MIAMI -- Two and a half months into the season, David Ortiz leads the Red Sox in RBI with 38, which isn't terribly surprising.
But Mike Aviles being second on the team with 37? That's hardly to be expected.
Aviles collected another RBI Tuesday night and it proved to be huge, since it was the difference in the Red Sox' 2-1 win over the Miami Marlins, snapping a four-game Sox losing streak.
The shortstop came up in the seventh with two outs and Kelly Shoppach on second and the Sox leading 1-0.
"I was just trying to battle and not hit the ball in the infield," said Aviles. "That's really what I've been doing the last few ABs. I was just trying see the ball up and I was fortunate enough that the ball blooped in."
The Sox came into Tuesday having averaged just 3.1 runs per game over the previous eight contests, during which they hit just .221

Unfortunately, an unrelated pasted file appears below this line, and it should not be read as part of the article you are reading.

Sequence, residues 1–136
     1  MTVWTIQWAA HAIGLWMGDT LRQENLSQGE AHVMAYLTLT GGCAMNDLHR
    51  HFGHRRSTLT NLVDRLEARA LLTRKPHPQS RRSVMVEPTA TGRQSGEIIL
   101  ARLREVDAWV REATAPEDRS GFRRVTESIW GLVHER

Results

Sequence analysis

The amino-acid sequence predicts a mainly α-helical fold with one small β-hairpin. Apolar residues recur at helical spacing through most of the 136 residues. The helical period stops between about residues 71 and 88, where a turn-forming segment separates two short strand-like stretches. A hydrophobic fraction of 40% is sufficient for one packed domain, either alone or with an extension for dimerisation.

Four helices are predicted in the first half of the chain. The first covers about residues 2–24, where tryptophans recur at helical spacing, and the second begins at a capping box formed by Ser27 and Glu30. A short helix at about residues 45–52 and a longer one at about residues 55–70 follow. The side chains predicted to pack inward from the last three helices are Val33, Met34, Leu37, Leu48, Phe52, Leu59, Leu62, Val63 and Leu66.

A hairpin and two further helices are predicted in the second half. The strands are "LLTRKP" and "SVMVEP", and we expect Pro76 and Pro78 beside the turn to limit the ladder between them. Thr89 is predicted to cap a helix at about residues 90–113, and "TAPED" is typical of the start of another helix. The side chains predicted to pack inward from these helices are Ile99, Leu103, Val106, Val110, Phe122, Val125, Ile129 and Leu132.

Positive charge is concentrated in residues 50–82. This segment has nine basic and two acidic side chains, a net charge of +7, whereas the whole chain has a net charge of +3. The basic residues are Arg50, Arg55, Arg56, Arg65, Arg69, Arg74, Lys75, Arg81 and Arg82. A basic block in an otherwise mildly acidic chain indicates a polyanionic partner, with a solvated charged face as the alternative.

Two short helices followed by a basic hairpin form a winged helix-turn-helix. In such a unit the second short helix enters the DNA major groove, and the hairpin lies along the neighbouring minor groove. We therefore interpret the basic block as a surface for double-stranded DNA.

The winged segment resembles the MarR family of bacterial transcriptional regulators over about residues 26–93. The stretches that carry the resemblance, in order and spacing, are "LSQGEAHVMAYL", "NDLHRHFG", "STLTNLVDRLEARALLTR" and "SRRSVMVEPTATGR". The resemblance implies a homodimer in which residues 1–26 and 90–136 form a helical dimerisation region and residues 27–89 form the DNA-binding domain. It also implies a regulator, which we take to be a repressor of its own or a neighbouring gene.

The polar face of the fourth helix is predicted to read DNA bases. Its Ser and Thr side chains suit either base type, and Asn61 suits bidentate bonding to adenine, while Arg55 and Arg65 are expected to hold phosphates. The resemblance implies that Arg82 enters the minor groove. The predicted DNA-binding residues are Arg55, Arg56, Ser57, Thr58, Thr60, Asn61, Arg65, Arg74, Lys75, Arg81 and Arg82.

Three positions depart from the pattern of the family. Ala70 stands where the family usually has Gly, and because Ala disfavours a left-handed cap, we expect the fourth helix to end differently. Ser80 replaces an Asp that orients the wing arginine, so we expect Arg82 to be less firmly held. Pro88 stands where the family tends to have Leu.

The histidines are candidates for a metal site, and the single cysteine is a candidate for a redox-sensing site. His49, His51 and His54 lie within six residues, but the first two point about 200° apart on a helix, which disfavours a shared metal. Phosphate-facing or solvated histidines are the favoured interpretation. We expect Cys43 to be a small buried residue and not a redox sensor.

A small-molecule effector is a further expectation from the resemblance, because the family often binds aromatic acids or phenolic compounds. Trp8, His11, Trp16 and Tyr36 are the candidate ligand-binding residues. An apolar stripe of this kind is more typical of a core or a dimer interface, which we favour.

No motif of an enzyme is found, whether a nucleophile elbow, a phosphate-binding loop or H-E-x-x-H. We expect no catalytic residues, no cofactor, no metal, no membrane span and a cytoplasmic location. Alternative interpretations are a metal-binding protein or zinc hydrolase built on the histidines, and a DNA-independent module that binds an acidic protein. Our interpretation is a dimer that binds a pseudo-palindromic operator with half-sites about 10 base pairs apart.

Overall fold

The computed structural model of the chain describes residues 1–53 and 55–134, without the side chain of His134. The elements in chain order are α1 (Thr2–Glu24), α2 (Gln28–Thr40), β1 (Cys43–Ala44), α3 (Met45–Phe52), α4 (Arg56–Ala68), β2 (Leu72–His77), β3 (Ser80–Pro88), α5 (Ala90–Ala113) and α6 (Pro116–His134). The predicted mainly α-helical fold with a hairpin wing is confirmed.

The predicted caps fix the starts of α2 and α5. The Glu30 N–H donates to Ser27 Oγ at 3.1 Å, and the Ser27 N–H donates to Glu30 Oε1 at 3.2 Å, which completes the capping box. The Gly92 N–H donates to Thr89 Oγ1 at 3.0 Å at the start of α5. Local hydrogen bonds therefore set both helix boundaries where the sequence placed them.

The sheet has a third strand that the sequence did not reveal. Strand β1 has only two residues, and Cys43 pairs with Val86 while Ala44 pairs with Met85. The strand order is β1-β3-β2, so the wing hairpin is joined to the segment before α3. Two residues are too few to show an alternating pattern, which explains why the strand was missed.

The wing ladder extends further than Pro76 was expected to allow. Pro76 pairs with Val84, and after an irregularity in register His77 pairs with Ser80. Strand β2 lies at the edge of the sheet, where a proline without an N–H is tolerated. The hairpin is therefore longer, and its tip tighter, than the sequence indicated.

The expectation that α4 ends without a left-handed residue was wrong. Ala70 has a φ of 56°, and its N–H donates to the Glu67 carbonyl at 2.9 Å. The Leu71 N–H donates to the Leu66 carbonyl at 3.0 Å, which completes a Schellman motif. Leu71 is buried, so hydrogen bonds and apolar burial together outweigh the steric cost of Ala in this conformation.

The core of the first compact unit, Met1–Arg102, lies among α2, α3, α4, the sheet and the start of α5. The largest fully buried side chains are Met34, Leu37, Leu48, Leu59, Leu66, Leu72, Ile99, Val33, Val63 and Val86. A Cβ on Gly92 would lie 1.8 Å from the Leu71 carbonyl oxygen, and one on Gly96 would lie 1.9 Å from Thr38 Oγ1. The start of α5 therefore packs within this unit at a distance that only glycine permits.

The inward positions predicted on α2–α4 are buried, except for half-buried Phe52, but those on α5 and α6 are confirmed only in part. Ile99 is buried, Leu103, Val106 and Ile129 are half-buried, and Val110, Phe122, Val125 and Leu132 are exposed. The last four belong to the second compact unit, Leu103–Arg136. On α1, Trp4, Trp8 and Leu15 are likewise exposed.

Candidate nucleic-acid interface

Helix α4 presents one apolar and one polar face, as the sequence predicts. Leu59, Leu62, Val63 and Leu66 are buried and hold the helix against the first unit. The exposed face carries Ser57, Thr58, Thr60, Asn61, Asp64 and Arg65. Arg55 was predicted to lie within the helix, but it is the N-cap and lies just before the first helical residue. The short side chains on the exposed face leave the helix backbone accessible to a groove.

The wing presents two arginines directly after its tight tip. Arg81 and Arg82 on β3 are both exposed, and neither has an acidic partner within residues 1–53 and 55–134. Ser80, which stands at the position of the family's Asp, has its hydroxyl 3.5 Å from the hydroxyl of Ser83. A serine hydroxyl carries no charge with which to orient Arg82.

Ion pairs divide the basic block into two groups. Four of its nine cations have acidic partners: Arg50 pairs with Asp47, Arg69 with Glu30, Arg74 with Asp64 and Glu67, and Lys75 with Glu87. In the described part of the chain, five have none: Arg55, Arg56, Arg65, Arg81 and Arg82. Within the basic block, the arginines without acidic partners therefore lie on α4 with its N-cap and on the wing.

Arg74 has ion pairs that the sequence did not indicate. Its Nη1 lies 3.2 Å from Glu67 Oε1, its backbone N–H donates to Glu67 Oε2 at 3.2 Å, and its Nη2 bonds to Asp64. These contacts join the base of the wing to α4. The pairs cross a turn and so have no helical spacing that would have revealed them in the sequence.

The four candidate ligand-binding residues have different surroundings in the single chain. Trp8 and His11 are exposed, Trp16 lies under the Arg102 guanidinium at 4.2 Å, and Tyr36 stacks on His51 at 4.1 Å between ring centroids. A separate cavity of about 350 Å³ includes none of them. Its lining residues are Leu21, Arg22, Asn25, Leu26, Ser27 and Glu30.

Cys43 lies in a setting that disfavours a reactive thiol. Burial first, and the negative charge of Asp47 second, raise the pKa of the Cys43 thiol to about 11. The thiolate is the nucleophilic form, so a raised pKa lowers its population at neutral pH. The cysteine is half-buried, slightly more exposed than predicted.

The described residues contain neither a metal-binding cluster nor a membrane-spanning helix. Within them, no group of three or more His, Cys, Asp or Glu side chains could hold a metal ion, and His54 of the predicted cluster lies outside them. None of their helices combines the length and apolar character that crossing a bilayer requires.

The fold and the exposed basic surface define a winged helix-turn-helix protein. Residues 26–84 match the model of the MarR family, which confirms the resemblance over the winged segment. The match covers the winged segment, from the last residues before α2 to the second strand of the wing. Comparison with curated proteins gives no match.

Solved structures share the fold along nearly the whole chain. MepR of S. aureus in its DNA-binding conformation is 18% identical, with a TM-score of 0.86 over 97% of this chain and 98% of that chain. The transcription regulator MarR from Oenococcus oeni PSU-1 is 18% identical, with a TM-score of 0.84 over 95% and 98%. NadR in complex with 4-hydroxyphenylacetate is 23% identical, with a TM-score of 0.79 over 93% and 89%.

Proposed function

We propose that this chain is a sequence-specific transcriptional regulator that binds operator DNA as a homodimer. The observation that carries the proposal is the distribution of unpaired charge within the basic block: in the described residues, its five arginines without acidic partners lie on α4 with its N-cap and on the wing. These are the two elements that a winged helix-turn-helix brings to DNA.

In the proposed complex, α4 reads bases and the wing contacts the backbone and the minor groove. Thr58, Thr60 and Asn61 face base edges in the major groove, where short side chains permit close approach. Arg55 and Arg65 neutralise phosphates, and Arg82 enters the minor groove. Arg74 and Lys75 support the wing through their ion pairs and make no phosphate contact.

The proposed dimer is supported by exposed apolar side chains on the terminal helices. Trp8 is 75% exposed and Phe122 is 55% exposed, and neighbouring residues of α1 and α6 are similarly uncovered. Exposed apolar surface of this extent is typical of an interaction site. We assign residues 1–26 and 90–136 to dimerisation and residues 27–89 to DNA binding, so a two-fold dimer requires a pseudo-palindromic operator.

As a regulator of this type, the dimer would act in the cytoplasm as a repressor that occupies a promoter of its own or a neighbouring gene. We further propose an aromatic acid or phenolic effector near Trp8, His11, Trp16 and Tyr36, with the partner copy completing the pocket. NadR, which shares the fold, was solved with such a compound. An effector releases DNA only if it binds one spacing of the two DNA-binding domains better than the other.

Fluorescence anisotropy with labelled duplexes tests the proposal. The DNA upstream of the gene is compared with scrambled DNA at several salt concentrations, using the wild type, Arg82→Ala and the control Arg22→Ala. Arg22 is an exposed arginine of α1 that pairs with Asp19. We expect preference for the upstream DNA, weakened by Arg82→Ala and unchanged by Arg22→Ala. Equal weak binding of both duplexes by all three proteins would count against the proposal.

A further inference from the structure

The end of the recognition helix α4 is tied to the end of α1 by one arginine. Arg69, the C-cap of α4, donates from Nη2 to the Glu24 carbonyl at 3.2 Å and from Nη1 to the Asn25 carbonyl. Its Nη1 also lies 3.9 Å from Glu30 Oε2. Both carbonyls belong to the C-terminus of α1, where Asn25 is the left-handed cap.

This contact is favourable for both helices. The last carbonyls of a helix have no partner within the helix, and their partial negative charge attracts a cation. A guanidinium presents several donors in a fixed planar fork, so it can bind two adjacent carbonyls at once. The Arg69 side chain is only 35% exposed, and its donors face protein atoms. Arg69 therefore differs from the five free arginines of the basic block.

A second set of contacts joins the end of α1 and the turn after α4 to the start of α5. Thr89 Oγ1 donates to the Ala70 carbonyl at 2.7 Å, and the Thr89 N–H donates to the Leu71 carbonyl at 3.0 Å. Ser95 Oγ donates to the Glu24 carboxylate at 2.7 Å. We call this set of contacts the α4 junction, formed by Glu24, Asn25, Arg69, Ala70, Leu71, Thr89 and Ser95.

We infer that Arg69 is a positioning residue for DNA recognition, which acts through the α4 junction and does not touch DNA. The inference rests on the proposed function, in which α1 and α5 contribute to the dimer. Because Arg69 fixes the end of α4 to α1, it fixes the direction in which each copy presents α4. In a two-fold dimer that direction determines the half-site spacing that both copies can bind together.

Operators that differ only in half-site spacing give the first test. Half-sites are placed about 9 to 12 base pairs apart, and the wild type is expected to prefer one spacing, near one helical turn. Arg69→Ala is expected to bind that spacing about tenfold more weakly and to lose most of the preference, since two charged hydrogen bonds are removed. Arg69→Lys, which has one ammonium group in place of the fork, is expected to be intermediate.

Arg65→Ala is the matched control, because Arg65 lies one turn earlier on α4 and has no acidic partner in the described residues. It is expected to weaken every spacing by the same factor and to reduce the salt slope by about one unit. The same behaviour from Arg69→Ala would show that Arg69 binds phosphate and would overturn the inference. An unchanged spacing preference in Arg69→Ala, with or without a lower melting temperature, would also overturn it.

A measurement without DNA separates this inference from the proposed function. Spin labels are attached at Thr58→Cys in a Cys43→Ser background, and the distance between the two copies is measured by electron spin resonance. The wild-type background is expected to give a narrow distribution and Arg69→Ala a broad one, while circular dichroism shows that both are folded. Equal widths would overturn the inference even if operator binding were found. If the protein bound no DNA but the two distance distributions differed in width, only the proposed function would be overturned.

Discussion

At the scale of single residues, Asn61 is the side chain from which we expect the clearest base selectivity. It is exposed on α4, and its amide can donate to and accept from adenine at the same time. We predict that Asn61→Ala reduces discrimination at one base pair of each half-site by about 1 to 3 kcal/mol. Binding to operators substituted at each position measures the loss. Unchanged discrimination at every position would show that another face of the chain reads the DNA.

The two runs Tuesday night hardly represented a breakout for the offense. But the fact that the Sox have been struggling at the plate put an extra premium on every run.
"We haven't been scoring the runs that we normally can score," said Aviles. "We were fortunate to put a couple hits together there and get the win."
Not only is Aviles nipping at Ortiz's heels for the team lead in RBI, but he also leads all major league shortstops in RBI.
"That's kind of cool, I guess," said Aviles. "That just show you how good an offense this team really has, because I feel like I bat with someone on base all the time. I'm just fortunate enough to get hits in those at-bats.
"I try to have good at-bats and help any way I can. I know that if I come up to the plate with someone in scoring position or on base, any hit can help out. The way the pitchers have been throwing the ball lately, we need to put those runs on the board."
Not that Aviles' only contribution came with the bat. He also turned a huge double play with a backhand stab of a hard grounder from Hanley Ramirez with one on and no out in the sixth. In a scoreless game at the time, that started a big 6-4-3 double play.
"I know the surface here plays pretty quick," said Aviles. "Hanley hit that ball pretty good. It was more like I wanted to get down and at least knock it down and if I caught it, I was going to try to turn to. But I wanted to make sure that ball didn't get to the outfield because I didn't want them to get a rally going."